When one thinks of the concept of a co-signer, what usually comes to mind is a financial loan or something used to help get approval for a purchase. But there’s another co-signer concept as well: The peanut gallery of people who frequently use phrases such as, “You should…” or “You need to…” or “I don’t think …” or “That’s not …”
Some of us walk through life constantly needing the OK from this peanut gallery, whether it’s family members, friends or spouses.
Take these hypothetical instances:
Friend 1: I don’t think a natural would be a good look for you. Just isn’t professional.
Friend 2: You don’t think so? I love natural hair, and I’m sick of all the relaxers and chemicals… Okay, well … I think I’ll keep my hair straight.
Family Member 1: I’ve always wanted to move to Europe and volunteer with youth.
Family Member 2: What do you know about Europe? You need to focus on the job you have here in the States.
Colleague 1: I’ve always dreamed of becoming a veterinarian. I’m sick of working on computers. It’s not my passion. I’m going to put in my two weeks, and go to school full time.
Colleague 2: In this economy? You should just stay where you are. Maybe volunteer at a pet shelter or something …
True, well-meaning peers can offer great advice on how to handle situations, how to resolve conflicts or simply be confidantes in times of need. People often volunteer advice or their two cents on the decisions people make out of love or concern.
Also true is the fact that a great mentor can help guide a professional on the best moves to make. An effective mentor would be credible enough to do so, having either been there and done that, or having the professional knowledge and experience to back up any advice given. They will also know how to give directives that are more about positive options or alternatives and less focused on discouragement.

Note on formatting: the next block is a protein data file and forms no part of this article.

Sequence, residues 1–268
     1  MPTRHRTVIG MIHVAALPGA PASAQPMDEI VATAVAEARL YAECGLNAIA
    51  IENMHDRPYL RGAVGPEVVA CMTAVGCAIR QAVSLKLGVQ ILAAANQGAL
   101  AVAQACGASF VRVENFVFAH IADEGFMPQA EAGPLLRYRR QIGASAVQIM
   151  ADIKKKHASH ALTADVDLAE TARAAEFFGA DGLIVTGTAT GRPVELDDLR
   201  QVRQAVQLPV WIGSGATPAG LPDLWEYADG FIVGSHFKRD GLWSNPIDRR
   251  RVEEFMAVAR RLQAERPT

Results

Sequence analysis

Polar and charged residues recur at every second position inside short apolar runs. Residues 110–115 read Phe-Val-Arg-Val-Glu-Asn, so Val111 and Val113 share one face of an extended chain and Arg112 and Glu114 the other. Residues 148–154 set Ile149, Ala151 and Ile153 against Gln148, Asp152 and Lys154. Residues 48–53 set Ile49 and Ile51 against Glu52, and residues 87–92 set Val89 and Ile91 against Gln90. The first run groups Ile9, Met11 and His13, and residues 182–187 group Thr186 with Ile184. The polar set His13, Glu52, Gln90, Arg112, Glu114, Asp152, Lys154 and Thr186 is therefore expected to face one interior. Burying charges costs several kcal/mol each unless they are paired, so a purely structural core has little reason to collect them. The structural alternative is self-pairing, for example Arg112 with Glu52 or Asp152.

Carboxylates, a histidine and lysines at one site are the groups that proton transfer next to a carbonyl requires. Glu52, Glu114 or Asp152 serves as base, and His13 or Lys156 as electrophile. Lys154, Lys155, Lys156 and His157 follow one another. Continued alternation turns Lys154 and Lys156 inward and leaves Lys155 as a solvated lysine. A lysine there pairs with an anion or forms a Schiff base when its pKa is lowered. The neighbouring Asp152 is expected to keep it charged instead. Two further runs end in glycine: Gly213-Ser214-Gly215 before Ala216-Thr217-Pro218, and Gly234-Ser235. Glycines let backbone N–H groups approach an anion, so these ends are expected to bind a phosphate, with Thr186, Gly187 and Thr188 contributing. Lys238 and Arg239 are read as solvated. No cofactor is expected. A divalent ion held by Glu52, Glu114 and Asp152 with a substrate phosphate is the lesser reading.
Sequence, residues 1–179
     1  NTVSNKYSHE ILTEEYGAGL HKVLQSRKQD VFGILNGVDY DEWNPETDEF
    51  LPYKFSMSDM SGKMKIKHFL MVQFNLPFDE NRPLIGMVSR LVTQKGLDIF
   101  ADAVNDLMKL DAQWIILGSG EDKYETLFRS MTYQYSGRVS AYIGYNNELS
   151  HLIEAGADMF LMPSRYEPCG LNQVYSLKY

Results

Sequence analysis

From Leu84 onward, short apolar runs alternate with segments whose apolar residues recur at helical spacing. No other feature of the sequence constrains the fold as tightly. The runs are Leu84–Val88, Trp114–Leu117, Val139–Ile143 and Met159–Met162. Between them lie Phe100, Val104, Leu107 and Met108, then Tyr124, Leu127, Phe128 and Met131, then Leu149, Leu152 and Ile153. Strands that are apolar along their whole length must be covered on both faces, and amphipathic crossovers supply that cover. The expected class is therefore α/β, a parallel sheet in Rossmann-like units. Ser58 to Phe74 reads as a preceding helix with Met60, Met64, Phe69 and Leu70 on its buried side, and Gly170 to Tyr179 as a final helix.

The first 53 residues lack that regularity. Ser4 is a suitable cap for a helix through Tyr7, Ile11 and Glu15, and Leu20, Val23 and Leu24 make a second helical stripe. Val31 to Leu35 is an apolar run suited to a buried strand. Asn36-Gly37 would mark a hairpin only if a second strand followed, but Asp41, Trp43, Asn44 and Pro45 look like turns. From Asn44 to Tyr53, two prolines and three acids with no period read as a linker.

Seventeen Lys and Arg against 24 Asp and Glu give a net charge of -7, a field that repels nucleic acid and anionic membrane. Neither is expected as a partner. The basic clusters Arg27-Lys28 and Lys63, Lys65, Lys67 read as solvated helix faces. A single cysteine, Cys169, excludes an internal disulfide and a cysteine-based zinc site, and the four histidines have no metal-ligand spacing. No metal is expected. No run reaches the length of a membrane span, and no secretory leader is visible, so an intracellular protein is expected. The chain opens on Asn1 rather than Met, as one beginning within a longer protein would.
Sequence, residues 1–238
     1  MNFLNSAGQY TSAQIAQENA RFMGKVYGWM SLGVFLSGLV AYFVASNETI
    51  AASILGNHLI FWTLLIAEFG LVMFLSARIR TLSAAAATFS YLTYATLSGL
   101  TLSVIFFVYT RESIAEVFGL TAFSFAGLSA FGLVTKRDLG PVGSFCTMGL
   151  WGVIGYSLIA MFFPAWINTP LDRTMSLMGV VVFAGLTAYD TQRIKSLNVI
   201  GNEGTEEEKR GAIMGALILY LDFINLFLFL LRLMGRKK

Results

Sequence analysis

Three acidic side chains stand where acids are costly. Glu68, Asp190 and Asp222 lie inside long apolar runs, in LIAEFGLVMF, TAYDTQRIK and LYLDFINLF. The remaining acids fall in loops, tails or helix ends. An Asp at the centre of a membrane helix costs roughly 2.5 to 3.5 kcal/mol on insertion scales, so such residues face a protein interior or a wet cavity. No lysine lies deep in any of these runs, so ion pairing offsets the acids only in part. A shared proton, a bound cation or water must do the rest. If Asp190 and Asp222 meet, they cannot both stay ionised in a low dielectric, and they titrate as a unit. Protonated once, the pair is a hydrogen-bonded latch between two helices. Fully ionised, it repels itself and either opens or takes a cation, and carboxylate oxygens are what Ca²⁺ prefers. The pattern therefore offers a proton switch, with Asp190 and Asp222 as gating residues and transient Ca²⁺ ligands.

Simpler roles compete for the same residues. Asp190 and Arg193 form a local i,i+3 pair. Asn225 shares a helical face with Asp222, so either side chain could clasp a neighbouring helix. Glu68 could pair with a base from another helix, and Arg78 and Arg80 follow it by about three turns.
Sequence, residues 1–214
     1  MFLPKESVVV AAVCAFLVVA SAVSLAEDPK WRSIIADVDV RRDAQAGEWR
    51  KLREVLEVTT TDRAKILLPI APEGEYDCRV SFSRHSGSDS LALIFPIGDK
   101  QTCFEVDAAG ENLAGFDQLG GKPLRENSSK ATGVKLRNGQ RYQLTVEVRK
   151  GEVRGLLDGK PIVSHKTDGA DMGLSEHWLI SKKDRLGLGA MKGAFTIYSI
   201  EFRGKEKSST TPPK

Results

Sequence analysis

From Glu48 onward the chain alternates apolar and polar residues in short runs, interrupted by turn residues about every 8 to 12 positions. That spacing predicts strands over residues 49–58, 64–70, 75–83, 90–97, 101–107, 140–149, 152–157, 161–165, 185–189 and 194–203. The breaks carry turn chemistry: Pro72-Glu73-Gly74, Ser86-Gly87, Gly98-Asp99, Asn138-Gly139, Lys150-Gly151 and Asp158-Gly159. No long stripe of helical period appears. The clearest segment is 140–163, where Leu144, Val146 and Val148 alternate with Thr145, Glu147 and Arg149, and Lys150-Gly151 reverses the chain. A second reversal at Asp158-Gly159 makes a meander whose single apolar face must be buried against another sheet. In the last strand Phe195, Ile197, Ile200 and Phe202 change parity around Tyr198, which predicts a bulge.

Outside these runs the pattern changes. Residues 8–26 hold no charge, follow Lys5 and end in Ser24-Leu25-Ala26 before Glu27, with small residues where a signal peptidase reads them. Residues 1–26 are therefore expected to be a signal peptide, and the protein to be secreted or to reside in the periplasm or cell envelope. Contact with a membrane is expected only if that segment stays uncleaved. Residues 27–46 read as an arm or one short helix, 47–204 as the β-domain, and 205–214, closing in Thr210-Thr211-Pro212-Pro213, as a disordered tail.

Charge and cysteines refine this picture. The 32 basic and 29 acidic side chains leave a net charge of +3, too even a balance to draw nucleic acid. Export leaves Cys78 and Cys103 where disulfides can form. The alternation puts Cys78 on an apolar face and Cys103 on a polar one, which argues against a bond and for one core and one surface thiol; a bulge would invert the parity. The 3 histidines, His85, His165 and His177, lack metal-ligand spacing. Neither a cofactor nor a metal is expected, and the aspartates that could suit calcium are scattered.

Lately, I’ve been privy to people, who have no real experience or even basis of knowledge, speaking on what someone should or shouldn’t do, and seeing people who can’t seem to make one move without a co-sign. Just as a financial co-signer has to align with various financial and employment criteria for approval from a bank, the same should go for those “life” co-signers who speak on behalf of the decisions of others.
In a fast-paced business world where confidence is vital, I’ve found that building inner discernment is a better option than always needing someone to approve of what I’m doing in my life. How can one maneuver a vehicle forward if they’re constantly distracted by backseat drivers? How can one truly capture their destiny if they’re always unsure or even more confused because of constant consideration of multiple opinions and irrelevant scrutiny?
If one has strong discernment and confidence, they are able to know when to ask for help and when to just act. They know when to listen to that inner voice and take a chance, and when they should first get insight or expert advice before making a move. They know the foundation of who they are and what works for their unique needs and wants. They also know that those things may not always be traditional or on the beaten path, and that’s OK.
Sometimes, even choosing to do the total opposite of what someone advises— and falling down because of it—is even OK. Mistakes are part of life, and some of us wouldn’t learn or advance without making them.
From the few years (*wink) I’ve been on this Earth, I’ve learned that, it’s alright to admire someone, hold their opinions in high esteem, and even be inspired by their blueprint for success, but it’s important to make my own decisions, be accepting of the consequences and even create a new blueprint for the life that is MINE.
I would challenge anyone out there who is constantly looking for outside approval on everything they do to first look inward and be secure in the person you are, and to develop and exercise discernment. You don’t always need that cosigner, and when you do need one, know who to trust with the honor of giving you advice. Ultimately, trust yourself to act on what you believe is right.